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While jogging down the irrigation ditchbank one afternoon, I heard a loud, rattling call. A not-quite-crow-sized bird flew up from a perch above the ditch with strong, precise wingbeats, headed downstream. Its distinctive silhouette included a daggerlike bill and a ragged crest atop a big head. Its plumage was sober blue above and pure white below. A wide blue-gray stripe crossed its chest.

The clattering call, which sounds like a loud wooden rattle, and the unique silhouette gave away the bird’s identity: a belted kingfisher, named for its banded chest and its fish-catching skills. Its scientific name, Ceryle alcyon, commemorates the Greek goddess Halcyone, who threw herself into the sea in grief for her drowned husband; the gods took pity on the couple and turned them into kingfishers. (Ceryle comes from the Greek for “king of the fishes.”)

Belted kingfishers’ head and bill are proportionately larger than their small feet and short tail, making them appear top-heavy when perched. But their ungainly physique belies a graceful abilty to hover and dive. Living along shallow water from seacoasts to creeks, ponds, lakes and small rivers, belted kinfishers fish for their meals. They spot their prey - mainly small fish, but also bullfrog tadpoles, crabs, crayfish, and mussels - either from a perch or as they hover over the water. (Kingfishers also sometimes hunt over land, diving for small animals such as lizards and insects.)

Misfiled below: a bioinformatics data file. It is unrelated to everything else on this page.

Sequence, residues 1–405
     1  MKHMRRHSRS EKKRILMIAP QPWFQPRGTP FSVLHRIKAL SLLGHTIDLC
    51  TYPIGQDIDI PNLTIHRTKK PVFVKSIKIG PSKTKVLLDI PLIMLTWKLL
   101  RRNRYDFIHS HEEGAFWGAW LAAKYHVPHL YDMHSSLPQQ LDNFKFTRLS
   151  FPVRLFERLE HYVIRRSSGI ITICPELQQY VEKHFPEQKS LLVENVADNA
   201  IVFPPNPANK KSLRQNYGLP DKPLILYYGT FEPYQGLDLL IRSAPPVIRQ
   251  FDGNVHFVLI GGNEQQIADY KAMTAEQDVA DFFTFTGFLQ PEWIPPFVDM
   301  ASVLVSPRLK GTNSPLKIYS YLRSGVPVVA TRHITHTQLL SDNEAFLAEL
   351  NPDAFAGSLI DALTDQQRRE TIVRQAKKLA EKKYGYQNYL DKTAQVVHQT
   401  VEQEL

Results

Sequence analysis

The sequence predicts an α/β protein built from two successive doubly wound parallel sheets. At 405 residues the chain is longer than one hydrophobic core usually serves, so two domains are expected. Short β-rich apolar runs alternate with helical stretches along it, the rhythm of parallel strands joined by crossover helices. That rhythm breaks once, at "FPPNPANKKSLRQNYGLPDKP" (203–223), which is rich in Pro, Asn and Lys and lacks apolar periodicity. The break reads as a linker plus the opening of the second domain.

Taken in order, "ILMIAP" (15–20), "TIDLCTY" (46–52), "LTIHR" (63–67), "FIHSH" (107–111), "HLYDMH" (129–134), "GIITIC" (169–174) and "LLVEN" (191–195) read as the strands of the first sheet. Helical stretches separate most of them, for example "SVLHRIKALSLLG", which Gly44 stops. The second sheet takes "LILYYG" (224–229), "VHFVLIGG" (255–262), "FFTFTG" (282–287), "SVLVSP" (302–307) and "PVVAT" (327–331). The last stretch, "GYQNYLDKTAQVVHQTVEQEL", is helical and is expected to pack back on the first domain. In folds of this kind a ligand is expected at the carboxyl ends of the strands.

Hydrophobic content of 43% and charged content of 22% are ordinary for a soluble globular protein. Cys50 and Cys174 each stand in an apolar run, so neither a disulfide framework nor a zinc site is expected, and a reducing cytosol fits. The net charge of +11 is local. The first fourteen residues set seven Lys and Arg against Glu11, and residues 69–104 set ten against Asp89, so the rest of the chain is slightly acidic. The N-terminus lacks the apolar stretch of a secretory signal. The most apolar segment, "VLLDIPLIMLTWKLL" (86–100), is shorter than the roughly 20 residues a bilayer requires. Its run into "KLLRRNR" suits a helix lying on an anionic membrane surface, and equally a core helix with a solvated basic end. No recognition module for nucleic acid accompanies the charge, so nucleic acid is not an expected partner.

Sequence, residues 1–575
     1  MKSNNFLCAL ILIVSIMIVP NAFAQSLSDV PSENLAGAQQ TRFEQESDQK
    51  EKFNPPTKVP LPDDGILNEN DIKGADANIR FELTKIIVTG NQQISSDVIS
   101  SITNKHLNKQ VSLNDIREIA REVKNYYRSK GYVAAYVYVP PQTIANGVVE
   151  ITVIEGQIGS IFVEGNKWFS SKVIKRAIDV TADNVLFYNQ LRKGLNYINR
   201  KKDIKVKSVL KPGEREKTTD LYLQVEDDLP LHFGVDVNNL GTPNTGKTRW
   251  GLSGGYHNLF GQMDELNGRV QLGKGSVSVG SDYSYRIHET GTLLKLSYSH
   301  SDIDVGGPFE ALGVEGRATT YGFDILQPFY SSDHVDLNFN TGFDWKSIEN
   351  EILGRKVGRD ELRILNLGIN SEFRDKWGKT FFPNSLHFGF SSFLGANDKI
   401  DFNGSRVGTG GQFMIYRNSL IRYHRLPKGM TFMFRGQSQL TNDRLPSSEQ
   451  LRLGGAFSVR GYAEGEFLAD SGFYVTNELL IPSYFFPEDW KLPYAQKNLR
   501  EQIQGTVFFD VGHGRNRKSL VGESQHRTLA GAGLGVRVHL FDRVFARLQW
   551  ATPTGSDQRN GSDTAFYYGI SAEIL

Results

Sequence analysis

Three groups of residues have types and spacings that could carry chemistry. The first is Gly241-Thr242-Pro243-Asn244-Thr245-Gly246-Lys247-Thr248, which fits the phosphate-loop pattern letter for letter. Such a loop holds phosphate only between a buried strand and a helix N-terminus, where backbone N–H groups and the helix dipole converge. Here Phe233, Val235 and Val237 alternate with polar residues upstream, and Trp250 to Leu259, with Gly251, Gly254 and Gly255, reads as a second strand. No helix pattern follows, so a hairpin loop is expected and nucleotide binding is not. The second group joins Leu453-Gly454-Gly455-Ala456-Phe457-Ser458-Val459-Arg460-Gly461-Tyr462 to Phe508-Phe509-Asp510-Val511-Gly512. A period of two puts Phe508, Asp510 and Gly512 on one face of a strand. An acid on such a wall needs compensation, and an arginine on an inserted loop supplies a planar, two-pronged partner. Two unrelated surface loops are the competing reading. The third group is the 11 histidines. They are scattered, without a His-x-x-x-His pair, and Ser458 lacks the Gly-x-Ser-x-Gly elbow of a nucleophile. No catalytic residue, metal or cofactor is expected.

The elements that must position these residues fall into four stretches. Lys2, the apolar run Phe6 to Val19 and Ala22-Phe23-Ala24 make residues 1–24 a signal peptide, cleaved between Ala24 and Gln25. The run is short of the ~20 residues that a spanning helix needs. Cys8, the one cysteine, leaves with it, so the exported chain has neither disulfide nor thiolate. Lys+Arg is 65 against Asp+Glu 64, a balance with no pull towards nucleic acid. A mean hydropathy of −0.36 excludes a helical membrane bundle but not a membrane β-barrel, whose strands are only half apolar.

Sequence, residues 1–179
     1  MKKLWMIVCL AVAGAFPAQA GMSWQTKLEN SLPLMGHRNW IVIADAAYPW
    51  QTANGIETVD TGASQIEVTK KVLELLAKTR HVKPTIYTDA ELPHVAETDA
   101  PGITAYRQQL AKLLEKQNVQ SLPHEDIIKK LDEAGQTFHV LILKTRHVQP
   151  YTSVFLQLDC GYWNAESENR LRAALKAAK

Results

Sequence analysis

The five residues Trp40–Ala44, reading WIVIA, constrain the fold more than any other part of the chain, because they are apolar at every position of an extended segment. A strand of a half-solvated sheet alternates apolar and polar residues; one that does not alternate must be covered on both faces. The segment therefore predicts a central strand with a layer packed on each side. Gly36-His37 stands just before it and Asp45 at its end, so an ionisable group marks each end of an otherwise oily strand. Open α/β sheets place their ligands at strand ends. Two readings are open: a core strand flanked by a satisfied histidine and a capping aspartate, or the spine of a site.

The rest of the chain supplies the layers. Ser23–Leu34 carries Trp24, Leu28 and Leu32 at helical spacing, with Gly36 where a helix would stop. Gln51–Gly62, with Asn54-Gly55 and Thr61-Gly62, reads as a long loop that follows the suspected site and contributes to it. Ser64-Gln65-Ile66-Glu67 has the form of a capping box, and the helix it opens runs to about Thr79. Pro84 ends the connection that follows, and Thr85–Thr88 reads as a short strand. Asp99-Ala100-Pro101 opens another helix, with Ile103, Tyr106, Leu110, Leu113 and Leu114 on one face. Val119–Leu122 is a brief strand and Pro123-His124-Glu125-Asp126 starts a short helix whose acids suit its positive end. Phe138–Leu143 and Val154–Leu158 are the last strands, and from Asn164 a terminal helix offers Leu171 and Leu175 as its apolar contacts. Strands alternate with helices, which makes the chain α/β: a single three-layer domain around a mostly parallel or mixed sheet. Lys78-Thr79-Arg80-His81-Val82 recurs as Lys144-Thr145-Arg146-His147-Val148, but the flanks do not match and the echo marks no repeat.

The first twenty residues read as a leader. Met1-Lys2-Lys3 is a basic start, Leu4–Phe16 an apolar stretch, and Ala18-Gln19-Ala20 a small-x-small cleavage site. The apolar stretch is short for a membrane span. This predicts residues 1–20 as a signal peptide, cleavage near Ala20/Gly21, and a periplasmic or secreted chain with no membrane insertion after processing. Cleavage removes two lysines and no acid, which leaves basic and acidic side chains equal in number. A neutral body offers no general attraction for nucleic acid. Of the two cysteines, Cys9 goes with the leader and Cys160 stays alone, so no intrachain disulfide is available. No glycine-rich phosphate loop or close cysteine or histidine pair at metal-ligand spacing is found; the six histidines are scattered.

Once a kingfisher spots a toothsome aquatic morsel, it dives directly into the water, seizes the fish in its powerful bill, then pushes itself to the surface with its short, strong wings, and flies back to its perch. There the kingfisher stuns the fish by whacking it on the perch, tosses the fish into the air and swallows it whole, headfirst. This latter behavior is not a display of bad manners; rather, it is an adaptation to birds’ lack of teeth. After kingfishers digest their meal, they spit out the undigestable parts - such as fins, scales, and bones - in a pellet, like hawks and owls.

Strongly territorial, kingfishers are solitary except in breeding season - April to May in the southern Southwest - when they pair up to dig a 3- to 6-foot-long horizontal nest burrow in a bank near water. The partners alternate excavating, digging with their stout bills, and pushing out dirt with their feet; depending on how clayey the soil is, burrow construction requires from three days to three weeks. Incubating the four to six eggs and raising their brood takes another two months.

Although belted kingfishers live in the southern Southwest year-round, they need permanent water. Our irrigation ditch - a seasonal stream, running only from April to October - boasts no such residents. Only in spring and fall do we hear the occasional rattling call, or see a plummeting dive as a visiting “king of fishers” passes through on its way to more promising waters.